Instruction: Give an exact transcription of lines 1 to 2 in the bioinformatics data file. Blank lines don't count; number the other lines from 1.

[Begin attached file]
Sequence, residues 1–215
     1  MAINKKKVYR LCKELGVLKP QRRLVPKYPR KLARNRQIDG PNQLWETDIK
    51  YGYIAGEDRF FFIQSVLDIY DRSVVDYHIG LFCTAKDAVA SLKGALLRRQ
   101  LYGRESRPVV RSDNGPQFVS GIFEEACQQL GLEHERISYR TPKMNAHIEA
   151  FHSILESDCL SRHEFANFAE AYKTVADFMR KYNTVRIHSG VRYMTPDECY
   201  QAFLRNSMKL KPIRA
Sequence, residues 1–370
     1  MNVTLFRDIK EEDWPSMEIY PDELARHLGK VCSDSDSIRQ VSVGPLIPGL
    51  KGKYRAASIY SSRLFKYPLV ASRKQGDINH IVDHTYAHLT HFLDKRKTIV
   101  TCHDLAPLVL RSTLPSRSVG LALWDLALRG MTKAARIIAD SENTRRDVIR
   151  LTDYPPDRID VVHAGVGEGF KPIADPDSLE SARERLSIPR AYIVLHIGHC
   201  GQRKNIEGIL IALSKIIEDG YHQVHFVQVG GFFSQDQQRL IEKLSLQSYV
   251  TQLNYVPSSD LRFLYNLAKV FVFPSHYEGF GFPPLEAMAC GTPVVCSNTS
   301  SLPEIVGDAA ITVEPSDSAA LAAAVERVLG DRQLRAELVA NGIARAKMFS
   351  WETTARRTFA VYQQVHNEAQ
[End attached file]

Sequence, residues 1–215
     1  MAINKKKVYR LCKELGVLKP QRRLVPKYPR KLARNRQIDG PNQLWETDIK